Why don't you keep up your smile?

The Bottom Line

  • Oral health matters! It can impact your overall wellbeing and contribute to other diseases if good oral health is not maintained
  • Studies have shown that while the need for dental care increases, financial resources are more limited in your retirement
  • It is important to plan accordingly to ensure proper dental care as you get older
  • Visit the Health Canada website on oral health for more information (http://hc-sc.gc.ca/hl-vs/oral-bucco/index-eng.php)

Aging and our teeth

In Canada, like in many other countries, taking care of our teeth has resulted in teeth retention much later in life than in the past. This is due to oral health promotion, disease prevention (e.g. use of fluoride toothpaste), and increased restorative oral care measures (e.g. dental implants). The percentage of individuals who have no natural teeth (edendulism) has drastically dropped in the last 2 decades going from 17% to 6.4% (1). Many seniors can now enjoy the benefit of having some or even most of their teeth. This allows them to eat a wide variety of good-tasting and nutritious foods. Having the ability to properly chew food also ensures sufficient nutrient absorption and increased well-being, which cannot be achieved at the same level with dentures (2,3).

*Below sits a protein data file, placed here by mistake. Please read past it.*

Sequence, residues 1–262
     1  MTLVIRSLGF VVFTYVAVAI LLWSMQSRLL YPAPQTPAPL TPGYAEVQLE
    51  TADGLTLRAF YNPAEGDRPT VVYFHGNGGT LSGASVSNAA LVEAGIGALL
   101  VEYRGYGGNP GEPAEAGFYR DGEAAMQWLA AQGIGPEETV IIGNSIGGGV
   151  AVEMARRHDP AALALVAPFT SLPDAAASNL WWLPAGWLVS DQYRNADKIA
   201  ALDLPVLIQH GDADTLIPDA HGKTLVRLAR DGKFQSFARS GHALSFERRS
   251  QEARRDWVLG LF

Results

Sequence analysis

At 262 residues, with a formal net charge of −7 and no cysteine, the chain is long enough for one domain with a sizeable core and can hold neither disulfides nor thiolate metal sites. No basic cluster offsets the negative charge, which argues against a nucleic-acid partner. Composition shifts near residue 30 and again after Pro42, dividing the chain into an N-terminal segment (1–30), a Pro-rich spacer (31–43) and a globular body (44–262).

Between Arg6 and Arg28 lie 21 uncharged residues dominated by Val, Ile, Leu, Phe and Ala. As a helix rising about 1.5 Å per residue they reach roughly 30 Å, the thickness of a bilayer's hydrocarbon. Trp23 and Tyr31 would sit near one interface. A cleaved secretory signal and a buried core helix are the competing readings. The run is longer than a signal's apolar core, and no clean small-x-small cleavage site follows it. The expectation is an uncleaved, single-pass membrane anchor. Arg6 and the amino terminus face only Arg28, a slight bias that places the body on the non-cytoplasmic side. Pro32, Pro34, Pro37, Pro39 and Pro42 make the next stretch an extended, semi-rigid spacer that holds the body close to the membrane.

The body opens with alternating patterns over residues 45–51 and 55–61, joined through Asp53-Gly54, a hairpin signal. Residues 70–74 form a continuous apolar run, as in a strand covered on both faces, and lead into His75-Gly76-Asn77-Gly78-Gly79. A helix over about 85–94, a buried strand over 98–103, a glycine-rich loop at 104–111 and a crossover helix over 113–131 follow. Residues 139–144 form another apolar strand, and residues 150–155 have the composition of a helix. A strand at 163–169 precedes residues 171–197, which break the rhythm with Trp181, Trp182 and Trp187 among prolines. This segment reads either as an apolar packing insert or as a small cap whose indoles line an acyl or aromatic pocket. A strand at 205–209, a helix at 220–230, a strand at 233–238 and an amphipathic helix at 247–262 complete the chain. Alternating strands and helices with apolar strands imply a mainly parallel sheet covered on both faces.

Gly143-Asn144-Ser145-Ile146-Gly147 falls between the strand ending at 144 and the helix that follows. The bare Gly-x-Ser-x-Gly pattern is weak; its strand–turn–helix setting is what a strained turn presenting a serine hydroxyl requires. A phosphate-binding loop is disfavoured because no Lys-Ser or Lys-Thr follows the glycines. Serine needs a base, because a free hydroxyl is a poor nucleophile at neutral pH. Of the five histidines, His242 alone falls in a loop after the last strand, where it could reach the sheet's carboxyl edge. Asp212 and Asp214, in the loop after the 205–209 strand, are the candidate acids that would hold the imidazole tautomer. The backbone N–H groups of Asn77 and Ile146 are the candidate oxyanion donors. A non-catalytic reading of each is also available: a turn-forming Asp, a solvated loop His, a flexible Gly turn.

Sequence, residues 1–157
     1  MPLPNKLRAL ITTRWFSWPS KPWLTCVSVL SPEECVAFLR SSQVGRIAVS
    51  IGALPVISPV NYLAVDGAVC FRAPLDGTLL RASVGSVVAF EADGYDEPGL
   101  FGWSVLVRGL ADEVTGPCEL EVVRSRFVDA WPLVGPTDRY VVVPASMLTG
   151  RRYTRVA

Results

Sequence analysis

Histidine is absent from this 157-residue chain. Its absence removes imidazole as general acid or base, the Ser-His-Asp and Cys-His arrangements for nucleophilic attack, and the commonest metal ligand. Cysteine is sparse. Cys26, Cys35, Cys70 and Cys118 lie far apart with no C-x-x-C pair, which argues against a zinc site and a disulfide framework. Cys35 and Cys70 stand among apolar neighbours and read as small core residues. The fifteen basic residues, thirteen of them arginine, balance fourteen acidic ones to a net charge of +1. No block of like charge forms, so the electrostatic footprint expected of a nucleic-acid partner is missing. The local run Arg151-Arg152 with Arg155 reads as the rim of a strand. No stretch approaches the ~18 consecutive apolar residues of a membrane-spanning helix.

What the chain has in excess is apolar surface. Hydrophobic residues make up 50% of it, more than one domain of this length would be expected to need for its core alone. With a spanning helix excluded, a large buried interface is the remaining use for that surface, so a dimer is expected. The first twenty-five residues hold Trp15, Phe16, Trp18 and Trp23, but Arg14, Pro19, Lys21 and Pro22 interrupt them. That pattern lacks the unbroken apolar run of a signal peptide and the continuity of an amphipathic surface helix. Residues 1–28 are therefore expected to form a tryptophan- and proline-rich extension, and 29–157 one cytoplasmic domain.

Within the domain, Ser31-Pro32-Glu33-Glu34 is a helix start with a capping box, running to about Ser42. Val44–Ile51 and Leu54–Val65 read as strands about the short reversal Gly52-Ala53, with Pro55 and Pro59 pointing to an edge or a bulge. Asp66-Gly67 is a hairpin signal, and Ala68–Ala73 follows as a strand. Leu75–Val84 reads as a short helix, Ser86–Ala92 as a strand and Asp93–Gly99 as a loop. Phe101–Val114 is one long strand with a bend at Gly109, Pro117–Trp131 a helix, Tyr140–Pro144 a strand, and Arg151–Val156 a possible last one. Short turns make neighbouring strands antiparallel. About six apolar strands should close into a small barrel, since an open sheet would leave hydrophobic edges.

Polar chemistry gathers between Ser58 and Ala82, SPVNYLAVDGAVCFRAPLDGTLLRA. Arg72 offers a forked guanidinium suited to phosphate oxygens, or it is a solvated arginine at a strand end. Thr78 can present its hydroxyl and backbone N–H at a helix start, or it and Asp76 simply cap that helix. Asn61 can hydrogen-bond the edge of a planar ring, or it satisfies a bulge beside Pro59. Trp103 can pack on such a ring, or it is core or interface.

Maintaining good oral health is of great importance. Indeed, neglected oral health may lead to pain, discomfort, and serious infection that could even result in hospitalisation. Moreover, mobile or missing teeth, loose dentures or partials, and presence of cavities are all factors that can be a barrier to communicating and having a social life. Associated with other health disorders, untreated oral diseases are a growing concern. Even more so with recent studies that have linked oral diseases to other diseases like type II diabetes, cardiovascular diseases, and pulmonary infections (4,5,6,7). In addition, having regular oral check-ups increases the chances of early detection of oral cancers. Regular oral check-ups can also reduce morbidity and even mortality. (More information on oral cancer can be found at: https://www.canada.ca/en/public-health/services/oral-diseases-conditions/oral-cancer.html)

More needs, less resources